globe, and similar types/ages of rocks on widely separated coastlines. The hypothesis of
continental drift was rejected initially because there was no explanation for how the continents
could move laterally. Discoveries about the earth’s magnetic field were uncovered in the 1950’s
to support this former hypothesis.
The sea floor was mapped and major topographic features that were discovered were
trenches and ridges. Trenches are the topographic representation of subductions, appearing near
the edge of continents. The age of the sea floor shows orderly distribution, as rocks are the
youngest along ridges and progressively get older away from ridges. Another interesting
observation of note is that there is no old oceanic crust nothing older than 200 million years.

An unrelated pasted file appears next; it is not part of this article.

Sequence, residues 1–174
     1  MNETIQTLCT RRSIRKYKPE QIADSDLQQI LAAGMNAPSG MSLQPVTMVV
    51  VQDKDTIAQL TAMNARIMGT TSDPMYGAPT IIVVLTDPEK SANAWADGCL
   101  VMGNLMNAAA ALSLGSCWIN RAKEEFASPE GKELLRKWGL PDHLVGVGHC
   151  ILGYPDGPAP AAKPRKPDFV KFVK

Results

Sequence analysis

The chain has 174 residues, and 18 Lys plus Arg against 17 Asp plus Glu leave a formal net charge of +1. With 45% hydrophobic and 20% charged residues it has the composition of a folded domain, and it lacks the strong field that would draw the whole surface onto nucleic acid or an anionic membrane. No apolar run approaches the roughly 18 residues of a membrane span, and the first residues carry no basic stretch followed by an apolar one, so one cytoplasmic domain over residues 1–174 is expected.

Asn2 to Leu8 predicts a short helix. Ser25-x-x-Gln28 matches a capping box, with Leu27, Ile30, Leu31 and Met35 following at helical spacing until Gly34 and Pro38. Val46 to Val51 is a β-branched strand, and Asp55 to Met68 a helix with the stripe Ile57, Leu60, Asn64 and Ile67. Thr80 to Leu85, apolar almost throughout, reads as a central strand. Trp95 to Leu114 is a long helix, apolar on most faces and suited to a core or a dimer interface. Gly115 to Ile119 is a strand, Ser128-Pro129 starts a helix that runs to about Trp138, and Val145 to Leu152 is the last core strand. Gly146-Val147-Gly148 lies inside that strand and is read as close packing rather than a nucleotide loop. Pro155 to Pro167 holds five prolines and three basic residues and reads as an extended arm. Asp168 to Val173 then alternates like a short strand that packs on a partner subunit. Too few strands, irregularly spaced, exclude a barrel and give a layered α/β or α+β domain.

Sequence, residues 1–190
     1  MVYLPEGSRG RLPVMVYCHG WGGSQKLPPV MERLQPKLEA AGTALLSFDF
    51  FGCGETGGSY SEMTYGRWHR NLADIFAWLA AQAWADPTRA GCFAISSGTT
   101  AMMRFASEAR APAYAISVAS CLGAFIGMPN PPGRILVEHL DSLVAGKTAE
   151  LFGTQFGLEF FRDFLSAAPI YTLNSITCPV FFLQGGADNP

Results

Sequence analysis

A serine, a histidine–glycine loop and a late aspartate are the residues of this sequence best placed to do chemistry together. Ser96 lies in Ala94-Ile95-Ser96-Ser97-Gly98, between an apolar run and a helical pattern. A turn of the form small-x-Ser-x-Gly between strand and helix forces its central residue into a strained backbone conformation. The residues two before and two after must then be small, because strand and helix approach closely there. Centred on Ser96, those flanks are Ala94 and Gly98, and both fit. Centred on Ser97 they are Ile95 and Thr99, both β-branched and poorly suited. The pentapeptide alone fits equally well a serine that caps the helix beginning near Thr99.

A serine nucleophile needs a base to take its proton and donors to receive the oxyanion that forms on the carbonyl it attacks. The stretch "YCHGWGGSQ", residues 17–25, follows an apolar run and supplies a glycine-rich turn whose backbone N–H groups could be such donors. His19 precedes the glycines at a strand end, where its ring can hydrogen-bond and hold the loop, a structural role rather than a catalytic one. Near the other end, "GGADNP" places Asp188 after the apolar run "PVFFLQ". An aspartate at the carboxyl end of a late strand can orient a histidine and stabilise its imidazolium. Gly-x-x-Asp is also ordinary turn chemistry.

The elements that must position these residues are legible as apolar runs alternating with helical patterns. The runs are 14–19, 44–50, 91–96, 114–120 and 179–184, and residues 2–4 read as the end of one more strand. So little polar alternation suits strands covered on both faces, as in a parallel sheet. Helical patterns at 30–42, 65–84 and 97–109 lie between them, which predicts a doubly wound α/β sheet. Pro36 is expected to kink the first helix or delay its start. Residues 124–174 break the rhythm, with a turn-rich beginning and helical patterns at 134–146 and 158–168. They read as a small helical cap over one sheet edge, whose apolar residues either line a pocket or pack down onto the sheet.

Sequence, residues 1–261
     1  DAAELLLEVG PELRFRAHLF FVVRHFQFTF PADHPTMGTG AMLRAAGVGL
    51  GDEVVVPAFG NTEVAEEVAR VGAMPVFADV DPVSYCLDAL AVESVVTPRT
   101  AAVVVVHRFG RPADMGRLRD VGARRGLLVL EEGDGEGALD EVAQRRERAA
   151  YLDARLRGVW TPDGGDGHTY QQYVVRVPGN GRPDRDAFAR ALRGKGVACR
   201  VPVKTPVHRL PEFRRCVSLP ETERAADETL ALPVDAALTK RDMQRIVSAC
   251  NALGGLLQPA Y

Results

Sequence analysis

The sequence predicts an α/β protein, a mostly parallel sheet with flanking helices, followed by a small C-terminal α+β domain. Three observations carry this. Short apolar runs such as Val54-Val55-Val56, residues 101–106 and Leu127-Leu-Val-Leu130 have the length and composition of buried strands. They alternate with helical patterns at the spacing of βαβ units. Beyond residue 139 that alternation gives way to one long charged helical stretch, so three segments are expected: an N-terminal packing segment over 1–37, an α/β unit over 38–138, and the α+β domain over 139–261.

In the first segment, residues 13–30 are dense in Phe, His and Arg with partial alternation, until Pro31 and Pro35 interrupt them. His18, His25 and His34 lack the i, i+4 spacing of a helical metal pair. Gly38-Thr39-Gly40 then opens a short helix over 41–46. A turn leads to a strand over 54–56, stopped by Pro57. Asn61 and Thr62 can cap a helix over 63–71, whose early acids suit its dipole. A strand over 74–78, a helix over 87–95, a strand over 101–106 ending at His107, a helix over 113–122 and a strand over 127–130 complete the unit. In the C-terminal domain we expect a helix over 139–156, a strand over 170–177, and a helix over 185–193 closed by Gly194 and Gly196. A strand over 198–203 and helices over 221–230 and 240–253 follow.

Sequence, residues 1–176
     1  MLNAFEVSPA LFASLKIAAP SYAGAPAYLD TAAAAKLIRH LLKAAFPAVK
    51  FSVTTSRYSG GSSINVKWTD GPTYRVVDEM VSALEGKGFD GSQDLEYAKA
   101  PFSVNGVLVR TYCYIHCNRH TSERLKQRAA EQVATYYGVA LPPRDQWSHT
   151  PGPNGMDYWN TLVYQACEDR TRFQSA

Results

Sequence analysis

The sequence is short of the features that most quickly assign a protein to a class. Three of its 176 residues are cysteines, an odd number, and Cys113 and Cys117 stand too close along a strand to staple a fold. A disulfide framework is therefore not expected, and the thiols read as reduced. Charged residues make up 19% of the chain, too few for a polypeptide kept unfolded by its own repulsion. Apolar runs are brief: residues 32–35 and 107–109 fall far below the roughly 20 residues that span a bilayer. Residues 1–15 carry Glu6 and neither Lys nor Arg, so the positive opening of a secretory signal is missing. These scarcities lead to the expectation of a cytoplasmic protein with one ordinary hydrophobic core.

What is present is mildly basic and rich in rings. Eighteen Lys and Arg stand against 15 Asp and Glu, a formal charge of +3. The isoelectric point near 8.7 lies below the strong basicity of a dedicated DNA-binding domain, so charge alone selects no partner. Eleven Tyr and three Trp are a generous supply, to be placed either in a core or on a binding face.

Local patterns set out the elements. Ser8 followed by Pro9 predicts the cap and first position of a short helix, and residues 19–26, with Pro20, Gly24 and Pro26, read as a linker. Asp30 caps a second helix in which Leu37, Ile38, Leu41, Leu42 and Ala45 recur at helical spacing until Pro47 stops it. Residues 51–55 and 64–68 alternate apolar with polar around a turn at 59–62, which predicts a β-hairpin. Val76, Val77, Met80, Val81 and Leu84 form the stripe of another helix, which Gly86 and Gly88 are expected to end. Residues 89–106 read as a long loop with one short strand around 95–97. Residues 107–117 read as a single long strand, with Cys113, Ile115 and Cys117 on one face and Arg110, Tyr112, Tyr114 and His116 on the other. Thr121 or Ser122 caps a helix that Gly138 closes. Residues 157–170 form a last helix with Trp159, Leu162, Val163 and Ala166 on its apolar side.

The oldest rocks on continents are 4 billion years old. This distribution suggests that crust is
created at the ridges, and confirmed by changes in the magnetic field. Sea floor spreading is
explained by the production of magnetized polarity pattern that is symmetric in respect to the
ridge. Magnetic polarity switches with irregularity crust older with distance to the ridge. Harry
Hess is accredited with these observations. Sea floor spreading provides the mechanism for
continental drift, acting as a conveyor belt.
Earth’s magnetic field is generated by Earth’s rotation and molten iron outer core. There
are two poles of opposite polarity, and earth’s magnetic field flips this polarity. There is the
normal (north near the geographic North Pole) and reverse (south near the geographic South
Pole). As rocks crystallize, iron minerals align parallel to the field that is dominant at the time;
indicating polarity. Therefore, it can be said that rocks record changes in earth’s magnetic field.
Mapping the magnetization of rocks on the seafloor shows bands of alternating normal and
reverse polarity.